Wednesday, February 1, 2012

Dialectical Challenges to Progress [to Overcoming Inequality and Domination]

[A final section of the chapter on Inequality & Anarchism... looking forward!]

These strategies struggle with a number of dialectical challenges, which are not easily resolved by change agents. First, the strategic issue of reform versus revolution. Should one apply considerable effort in a local matter of social injustice that may have only a limited scope of impact (even if a successful campaign), or channel energy into building for long-term and more radical change? While the latter is ultimately more desirable, to ignore the former conflicts risks the possibility of losing ground in an already imbalanced playing field of injustice, as well as missing the opportunity to engage with folks in day-to-day struggle on big-picture, revolutionary ideas. Put another way, this dialectic involves the contradictions between reactive politics and prefigurative politics. Anarchists warn that people ignore immediate struggles to their own detriment, but also caution against the trappings of reformism and the exhaustion induced by treading water. While always cognizant of the need to stop on-going domination (the so-called “social problems” emphasized by sociologists), anarchist-sociologists argue for the importance of also focusing upon how such forms of domination could be avoided in the future.[1]

A second dialectic challenge is posed by the reactions to past domination and atrocity: consolation versus reconciliation. It is important for dominated peoples to be comfortable in the present, to have apologies for past wrongs, and to have the sympathies of others for their plight. For instance, the consolation extended by the US government for its genocidal actions (which was not put in such strong—or accurate—language, of course) against indigenous peoples is good and meaningful. But is it “enough”? Does it constitute justice? Does it help indigenous peoples in any substantial way? As the saying goes, “talk is cheap”. Sometimes an “apology” is a rather bad outcome, since it gives the illusion that an unjust situation has been rectified; i.e. “What is their problem? We already apologized for all that stuff from the past!”. Barring the outcome of dramatic separation—which is unlikely for most disadvantaged groups, particularly for women from men—dominated peoples should be able to live with or alongside their [hopefully, former] dominators. If the crimes of past atrocity (e.g. slavery, relocation, or forced sterilization) or the hopefully soon-to-be-ended crimes (e.g. class exploitation, sexual violence, or discrimination) can put an end to the disadvantaged position of the dominated, does that truly solve their problems? Domination tends to have a residue, which creates a multi-generational disadvantage that needs to be intervened upon. Consider the example of South Africa's formal efforts in the aftermath of Apartheid: a “truth and reconciliation” committee investigated past crimes and sought ways to bring victim and perpetrator together, not unlike restorative justice aims to do.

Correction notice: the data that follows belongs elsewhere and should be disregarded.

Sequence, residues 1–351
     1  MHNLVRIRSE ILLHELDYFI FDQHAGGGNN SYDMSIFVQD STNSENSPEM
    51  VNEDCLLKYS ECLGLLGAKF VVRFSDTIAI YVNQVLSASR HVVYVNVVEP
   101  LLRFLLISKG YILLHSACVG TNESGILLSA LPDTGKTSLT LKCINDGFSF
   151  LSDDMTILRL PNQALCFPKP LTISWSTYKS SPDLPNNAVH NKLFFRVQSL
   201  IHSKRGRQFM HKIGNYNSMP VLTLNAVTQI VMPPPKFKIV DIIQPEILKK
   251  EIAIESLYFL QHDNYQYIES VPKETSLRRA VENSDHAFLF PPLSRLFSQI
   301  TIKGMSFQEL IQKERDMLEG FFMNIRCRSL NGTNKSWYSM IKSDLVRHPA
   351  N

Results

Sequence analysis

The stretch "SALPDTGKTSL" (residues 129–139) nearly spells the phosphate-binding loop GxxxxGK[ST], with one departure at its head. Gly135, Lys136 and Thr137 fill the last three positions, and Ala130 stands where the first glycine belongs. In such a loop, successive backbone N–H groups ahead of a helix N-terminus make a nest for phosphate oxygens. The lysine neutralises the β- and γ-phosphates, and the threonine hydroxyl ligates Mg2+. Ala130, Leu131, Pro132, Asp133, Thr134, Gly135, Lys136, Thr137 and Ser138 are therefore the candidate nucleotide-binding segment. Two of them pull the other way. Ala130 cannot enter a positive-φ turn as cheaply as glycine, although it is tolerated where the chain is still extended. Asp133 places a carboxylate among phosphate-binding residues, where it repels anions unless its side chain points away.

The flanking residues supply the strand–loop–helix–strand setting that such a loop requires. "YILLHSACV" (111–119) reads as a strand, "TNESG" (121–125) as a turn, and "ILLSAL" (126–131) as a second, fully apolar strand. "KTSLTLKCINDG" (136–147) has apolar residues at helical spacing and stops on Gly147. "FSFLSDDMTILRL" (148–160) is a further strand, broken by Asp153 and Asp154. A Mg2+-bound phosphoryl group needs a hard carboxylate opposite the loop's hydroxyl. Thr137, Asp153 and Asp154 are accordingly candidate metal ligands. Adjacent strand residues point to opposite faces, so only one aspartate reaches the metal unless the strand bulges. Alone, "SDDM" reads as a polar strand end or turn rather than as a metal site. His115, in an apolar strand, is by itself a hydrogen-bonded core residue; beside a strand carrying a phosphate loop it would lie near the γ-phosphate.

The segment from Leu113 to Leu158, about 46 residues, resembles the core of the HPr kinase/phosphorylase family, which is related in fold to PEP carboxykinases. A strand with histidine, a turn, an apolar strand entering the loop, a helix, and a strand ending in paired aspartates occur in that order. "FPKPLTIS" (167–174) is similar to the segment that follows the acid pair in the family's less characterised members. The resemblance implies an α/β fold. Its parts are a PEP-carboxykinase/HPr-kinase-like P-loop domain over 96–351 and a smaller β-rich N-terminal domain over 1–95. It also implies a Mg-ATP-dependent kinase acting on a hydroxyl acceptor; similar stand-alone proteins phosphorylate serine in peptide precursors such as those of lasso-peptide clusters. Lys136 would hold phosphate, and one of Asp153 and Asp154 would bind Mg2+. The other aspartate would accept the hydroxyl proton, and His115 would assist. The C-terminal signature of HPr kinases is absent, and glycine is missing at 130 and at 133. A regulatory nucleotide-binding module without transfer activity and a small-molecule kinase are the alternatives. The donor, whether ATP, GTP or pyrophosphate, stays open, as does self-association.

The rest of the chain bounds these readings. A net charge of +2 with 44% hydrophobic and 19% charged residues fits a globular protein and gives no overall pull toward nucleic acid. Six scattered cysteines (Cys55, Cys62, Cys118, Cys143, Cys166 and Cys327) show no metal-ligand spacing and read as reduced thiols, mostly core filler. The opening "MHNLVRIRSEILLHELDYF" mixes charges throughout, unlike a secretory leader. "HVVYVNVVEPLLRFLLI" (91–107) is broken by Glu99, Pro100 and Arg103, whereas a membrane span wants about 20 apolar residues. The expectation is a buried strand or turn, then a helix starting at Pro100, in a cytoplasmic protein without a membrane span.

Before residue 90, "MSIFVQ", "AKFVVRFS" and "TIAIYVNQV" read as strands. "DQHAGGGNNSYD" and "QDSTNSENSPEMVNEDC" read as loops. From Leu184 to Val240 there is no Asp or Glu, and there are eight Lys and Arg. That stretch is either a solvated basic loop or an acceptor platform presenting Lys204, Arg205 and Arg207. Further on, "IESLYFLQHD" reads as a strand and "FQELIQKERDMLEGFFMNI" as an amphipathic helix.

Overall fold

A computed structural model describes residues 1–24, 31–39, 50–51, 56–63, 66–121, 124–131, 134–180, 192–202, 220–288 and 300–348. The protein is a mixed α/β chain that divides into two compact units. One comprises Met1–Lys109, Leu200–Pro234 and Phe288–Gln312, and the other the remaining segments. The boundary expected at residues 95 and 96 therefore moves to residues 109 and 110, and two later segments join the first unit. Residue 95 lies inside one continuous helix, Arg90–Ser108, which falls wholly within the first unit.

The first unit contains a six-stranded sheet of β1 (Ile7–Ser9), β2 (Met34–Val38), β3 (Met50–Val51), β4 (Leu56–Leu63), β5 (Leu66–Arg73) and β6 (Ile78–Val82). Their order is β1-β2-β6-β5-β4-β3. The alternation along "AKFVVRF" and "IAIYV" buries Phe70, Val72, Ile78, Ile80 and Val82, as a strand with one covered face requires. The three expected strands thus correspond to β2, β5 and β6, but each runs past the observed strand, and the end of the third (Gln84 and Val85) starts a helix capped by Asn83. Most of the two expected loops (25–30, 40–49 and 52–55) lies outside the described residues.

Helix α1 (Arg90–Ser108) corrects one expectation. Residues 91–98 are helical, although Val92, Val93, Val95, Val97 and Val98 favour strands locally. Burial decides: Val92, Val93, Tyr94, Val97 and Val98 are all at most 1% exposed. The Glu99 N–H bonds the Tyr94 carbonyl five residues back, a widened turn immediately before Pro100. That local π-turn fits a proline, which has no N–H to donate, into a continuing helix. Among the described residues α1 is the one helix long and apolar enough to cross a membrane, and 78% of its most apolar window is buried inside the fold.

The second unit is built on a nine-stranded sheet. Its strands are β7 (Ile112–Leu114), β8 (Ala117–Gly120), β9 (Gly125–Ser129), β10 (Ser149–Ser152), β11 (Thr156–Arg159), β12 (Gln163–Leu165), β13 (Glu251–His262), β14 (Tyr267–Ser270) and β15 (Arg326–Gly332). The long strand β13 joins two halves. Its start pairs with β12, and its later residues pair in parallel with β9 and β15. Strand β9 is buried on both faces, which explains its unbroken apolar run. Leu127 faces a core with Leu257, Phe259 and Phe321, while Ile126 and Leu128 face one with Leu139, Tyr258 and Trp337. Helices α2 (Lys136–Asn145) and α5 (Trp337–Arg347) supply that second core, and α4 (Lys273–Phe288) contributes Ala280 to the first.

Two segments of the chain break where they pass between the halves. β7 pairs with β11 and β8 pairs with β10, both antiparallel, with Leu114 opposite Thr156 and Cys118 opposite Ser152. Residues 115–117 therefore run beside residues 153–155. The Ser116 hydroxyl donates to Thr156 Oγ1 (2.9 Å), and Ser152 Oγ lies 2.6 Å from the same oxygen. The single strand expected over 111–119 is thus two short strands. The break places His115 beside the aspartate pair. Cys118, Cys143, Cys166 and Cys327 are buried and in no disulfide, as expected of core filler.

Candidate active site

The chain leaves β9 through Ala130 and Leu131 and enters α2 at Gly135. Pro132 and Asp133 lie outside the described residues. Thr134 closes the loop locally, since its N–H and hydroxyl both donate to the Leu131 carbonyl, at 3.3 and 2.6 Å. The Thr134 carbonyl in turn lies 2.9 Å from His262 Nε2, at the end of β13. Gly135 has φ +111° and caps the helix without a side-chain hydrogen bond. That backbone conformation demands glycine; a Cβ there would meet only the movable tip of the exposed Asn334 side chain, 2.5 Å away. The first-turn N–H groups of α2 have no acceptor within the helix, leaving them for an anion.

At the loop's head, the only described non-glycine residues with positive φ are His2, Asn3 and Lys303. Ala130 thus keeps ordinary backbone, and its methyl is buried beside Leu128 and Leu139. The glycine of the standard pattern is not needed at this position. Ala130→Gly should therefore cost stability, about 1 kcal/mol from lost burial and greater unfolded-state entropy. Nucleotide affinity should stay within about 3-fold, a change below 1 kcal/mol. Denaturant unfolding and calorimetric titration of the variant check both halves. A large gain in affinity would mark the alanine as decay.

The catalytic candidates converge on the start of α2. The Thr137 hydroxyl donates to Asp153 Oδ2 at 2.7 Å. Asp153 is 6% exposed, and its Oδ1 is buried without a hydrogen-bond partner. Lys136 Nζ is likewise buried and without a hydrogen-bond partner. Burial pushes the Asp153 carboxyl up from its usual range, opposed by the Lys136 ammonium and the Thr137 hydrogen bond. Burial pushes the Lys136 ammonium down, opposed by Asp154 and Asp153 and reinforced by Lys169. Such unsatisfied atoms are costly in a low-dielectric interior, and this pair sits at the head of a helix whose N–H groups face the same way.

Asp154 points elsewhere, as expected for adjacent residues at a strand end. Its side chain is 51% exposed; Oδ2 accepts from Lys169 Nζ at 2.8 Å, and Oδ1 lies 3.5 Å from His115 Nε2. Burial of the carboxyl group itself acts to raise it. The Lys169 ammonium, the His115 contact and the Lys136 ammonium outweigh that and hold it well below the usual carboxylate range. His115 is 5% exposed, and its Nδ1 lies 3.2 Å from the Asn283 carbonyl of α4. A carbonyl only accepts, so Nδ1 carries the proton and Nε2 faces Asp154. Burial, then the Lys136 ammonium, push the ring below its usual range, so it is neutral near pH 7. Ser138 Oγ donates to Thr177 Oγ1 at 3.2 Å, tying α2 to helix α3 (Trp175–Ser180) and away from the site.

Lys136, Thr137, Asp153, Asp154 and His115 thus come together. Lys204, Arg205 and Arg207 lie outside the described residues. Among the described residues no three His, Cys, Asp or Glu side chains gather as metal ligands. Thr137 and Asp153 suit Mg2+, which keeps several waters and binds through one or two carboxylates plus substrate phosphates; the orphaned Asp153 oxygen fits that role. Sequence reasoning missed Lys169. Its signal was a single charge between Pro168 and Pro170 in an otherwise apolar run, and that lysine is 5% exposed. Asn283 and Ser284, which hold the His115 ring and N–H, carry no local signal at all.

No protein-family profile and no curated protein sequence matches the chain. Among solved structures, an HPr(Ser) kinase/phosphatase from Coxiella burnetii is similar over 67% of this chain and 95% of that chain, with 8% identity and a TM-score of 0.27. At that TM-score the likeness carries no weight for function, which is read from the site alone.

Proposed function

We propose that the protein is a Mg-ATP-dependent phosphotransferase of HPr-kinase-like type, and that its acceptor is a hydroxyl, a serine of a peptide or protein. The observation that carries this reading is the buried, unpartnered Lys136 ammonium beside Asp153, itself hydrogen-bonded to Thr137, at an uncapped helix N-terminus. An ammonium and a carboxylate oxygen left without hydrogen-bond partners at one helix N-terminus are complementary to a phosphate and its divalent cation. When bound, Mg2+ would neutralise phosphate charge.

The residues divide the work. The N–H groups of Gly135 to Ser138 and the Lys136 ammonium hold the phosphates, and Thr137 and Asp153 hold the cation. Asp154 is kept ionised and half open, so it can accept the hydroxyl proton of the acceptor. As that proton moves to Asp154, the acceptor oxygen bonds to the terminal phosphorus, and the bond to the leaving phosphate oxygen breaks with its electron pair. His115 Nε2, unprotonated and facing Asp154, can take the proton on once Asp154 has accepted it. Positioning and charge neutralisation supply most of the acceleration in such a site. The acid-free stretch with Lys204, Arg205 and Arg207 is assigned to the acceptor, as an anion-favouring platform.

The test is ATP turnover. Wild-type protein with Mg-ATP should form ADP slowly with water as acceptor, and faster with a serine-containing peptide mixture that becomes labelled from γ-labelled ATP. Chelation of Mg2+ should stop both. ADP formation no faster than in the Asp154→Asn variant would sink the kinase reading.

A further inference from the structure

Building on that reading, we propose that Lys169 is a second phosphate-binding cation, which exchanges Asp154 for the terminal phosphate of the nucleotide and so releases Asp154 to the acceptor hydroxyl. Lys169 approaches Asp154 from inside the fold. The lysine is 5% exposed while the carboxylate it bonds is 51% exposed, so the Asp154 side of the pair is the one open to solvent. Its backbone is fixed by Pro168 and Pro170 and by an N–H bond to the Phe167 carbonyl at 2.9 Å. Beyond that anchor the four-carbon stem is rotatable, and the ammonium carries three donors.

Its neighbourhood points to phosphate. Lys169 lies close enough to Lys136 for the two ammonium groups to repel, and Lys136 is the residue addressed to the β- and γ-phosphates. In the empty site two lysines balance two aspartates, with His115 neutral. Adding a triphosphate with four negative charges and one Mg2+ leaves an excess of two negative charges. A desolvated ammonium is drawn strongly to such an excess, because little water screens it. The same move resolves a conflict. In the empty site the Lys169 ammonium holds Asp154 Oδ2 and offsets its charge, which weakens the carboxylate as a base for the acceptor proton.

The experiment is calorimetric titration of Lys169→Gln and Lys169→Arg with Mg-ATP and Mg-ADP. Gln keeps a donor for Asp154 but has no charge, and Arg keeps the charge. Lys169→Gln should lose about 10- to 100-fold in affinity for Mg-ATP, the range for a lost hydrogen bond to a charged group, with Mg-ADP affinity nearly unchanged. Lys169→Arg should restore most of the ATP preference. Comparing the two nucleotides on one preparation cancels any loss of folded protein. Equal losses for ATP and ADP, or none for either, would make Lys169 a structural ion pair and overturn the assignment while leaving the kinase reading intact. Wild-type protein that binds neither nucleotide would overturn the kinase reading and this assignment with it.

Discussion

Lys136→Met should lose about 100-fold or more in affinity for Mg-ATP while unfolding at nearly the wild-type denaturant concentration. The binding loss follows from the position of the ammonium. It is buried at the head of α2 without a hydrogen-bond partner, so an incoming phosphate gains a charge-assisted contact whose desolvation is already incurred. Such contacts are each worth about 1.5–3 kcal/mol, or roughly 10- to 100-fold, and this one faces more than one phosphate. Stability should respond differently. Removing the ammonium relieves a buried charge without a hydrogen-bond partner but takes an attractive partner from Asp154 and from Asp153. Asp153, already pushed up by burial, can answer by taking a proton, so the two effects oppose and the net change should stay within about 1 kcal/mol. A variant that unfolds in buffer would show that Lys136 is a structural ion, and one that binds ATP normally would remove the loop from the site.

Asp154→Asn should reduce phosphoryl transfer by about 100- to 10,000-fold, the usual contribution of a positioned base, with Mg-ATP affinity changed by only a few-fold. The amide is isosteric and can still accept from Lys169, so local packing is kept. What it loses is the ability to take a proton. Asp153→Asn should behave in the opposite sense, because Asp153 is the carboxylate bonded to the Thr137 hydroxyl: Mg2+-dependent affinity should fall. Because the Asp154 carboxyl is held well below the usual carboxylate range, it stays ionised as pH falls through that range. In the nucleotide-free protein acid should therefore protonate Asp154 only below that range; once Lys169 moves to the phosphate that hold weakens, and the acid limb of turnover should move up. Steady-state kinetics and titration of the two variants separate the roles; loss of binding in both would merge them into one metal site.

Lastly, there is a strategic, dialectical conundrum posed by the complex sources of hierarchy's power. Hierarchies are premised upon legal rules, social tradition, and unreflective practice. Yet, the easiest way to “attack” a hierarchy is on moral grounds: it is unethical, wrong, and unjust. In fact, such a moral argument is often not difficult to make and even get quick agreement from others (even people who may benefit from such hierarchies). The immoral basis of hierarchy is likely the easiest claim to make, and, consequently, the least effective. Surely it is necessary to eliminate support for the values that undergird hierarchy, but this alone does not undue hierarchy's power. Removing the legal structures to hierarchy is a formidable challenge and even more difficult if no ethical claim has been made against these structures. Tradition can be changed, but it takes dedicated efforts to shift cultural priorities and to reconfigure socialization. And, it is very possible—especially in the midst of great bureaucracies—for a scary inertia the take hold and for immoral acts to continue even in the absence of moral argument for them. Although hierarchy is often depicted as a ladder or a pyramid, it is not as easily undone as pushing over a ladder or detonating a pyramid with dynamite (especially via mere moralizing). Hierarchy's complexity aids its staying-power, and provides great challenge to anarchists and others who aim to ultimately up-end it.


[1] Or, as one activist puts it: “Let's take time to sit-down together with our colored-pens and crayons to draw-out our vision!”.

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